Comparing ourselves to others isn’t healthy. But, unfortunately, it’s human nature to do it anyway. Is there a way of getting this unhealthy habit under control? Maybe there is.
I stumbled upon something relevant by comedian Tom Shillue that makes perfect sense to me, tips that actually work. Yes, he’s a comedian, not a fitness guy, as far as I know anyway. But his message has universal truth (you can access it at the end of the newsletter).
His trick, if you can manage it, is to derive inspiration from highly successful people, but at the same time keep a healthy perspective if we ourselves do not reach the top rung on the ladder.
Personally, it’s no secret that I like fitness and admire those who have reached the pinnacle of the fitness lifestyle. But I never achieved greatness as an athlete or fitness buff myself.
Jack LaLanne once did one thousand consecutive push-ups on
national television; he also made many long-distance swims — while handcuffed — pulling boatloads of fans in the cold waters of San Francisco Bay, and his personal workout challenges were legendary. He had a nationally televised exercise program and lived, actively, to age 96.
All that Jack LaLanne and I had in common is that both of us embraced a fitness lifestyle, which began in our teens. Any of my accomplishments, however, unlike LaLanne’s, were quite modest. Nevertheless, my comparatively small attainments have enriched my life. And fortunately, for me, I’ve never felt envious of others whose achievements were far greater than my own.
Like Tom Shillue, I came to the realization long ago that comparing myself in a negative light to superstars would get me nowhere. I can go to my own website and click on “Your Stories" and find example
after example of people who have overcome obstacles to improve their lives. Some are more accomplished than I am, some less. But all, I would argue, are better off for having decided to follow a fitness lifestyle. With a few of them, I played some role in their fitness lifestyle journey. I’m pleased with that.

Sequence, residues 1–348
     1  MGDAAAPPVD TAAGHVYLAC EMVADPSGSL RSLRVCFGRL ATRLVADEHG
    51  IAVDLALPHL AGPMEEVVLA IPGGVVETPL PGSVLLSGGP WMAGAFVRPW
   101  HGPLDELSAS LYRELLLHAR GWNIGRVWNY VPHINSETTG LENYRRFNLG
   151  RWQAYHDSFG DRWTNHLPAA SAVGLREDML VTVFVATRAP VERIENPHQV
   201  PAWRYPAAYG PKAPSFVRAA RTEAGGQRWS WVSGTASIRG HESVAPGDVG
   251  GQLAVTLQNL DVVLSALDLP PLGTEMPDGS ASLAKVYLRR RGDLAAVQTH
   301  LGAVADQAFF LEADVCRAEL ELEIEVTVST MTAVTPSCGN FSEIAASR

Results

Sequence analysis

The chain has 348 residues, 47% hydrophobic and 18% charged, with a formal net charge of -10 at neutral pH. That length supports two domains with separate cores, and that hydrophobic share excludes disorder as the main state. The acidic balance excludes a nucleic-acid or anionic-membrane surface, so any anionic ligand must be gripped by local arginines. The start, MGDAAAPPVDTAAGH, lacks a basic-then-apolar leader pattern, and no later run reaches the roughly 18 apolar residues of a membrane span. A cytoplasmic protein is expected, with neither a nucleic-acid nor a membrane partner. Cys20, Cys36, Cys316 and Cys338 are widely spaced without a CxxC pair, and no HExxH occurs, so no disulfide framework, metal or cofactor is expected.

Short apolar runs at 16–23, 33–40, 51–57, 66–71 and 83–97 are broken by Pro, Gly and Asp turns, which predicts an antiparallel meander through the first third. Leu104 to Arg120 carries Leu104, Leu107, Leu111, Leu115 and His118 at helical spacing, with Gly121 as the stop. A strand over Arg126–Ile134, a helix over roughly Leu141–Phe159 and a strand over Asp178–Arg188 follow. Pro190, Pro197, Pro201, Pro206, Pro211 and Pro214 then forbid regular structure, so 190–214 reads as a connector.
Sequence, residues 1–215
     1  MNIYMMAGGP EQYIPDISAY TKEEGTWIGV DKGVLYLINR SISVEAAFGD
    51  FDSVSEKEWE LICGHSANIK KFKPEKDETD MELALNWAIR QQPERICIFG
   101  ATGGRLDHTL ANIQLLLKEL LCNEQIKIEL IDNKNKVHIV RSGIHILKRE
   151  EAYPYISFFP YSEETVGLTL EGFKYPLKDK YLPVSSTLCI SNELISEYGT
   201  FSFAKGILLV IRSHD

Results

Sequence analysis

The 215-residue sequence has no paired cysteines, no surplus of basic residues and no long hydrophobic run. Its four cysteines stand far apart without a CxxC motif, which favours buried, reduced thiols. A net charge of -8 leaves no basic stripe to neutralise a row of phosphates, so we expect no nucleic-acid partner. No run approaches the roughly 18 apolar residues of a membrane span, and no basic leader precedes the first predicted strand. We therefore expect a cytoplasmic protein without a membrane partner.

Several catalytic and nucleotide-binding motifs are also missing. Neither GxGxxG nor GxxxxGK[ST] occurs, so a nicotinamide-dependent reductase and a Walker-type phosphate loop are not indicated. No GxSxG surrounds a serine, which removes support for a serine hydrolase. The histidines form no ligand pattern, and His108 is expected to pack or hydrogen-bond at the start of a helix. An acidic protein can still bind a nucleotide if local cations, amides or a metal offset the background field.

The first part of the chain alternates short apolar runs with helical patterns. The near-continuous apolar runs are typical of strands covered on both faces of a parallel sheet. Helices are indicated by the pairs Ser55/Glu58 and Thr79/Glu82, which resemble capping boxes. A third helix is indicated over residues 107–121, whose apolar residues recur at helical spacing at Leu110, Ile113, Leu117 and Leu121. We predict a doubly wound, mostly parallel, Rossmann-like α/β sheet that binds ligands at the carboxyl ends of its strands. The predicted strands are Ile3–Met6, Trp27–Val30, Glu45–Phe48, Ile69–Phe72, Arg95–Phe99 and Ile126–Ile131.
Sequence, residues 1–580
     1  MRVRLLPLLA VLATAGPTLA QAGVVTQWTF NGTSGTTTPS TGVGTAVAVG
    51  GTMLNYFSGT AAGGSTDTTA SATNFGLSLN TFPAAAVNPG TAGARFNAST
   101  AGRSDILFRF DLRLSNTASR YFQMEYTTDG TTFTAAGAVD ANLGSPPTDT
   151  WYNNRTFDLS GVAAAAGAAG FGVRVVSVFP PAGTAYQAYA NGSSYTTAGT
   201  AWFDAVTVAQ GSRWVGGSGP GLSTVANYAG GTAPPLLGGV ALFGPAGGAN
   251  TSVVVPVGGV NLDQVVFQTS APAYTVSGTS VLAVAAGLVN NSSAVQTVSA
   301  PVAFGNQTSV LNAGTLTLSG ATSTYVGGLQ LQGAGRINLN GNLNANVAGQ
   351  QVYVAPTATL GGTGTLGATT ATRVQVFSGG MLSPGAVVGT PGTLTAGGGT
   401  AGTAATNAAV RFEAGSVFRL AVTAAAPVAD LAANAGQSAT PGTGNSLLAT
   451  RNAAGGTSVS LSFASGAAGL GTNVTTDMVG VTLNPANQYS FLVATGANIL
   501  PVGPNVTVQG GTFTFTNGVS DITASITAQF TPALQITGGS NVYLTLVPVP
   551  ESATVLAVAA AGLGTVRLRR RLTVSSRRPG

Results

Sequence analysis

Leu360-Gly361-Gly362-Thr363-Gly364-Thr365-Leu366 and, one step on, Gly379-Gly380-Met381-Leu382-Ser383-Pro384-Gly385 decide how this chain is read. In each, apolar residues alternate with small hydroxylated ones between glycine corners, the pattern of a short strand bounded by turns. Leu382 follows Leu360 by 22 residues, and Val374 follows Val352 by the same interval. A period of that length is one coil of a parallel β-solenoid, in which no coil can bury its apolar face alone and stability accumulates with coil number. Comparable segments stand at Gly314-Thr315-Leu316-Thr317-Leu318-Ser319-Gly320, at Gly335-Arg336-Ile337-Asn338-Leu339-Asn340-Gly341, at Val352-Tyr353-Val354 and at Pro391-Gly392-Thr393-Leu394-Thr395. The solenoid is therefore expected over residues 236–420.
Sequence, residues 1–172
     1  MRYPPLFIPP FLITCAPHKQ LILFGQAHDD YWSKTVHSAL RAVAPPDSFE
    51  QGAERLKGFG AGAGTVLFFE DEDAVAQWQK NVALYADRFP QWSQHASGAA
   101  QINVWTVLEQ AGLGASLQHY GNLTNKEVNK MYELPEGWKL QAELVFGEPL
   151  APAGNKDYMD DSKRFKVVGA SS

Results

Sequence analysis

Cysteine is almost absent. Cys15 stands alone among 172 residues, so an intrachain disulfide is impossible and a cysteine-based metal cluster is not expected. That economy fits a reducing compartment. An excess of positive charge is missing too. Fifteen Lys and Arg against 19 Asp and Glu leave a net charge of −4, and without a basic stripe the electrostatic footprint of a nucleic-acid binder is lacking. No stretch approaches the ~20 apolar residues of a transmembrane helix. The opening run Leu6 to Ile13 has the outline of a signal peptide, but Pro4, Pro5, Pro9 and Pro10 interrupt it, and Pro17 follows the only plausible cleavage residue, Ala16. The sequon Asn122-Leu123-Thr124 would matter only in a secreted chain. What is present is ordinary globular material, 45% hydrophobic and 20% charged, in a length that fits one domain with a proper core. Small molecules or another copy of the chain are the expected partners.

Suppose they had instead gotten caught up in comparing themselves to super-athletes of some sort and figured “I can never be that good, so why make the effort?” Thankfully they didn’t. Rather, they found inspiration, took the soundest advice they could get, and worked with the hand they’d been dealt.
That to me is the definition of living a successful life.
And like Tom Shillue, they got it just right. Take a look at his message here.
Stay healthy. Stay fit.
Senior Exercise Central
My Photographs: Subscribers ask when the newsletter photo at the top and my website pictures were taken. As I write this, I’m 85 years old. The photos were taken when I was a mere 70. Though I remain active, I am no longer nearly as muscular as I was 15 years ago. —LF
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The Gray Iron Fitness Newsletter is a free publication sent twice monthly to subscribers. The purpose is to provide honest and realistic fitness information for people age 50 and above.
I have never been paid or received compensation of any kind to write a positive review or endorse a product. If I say that I personally use a product or service, it is because I find value in it and have paid for it with my own money.
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The newsletter and website provide information to help users establish and maintain a fitness lifestyle. But fitness information is not the same as fitness advice, which is the application of exercise and dietary practices to an individual's specific circumstances. Therefore, always consult with your physician for assurance that fitness information, and
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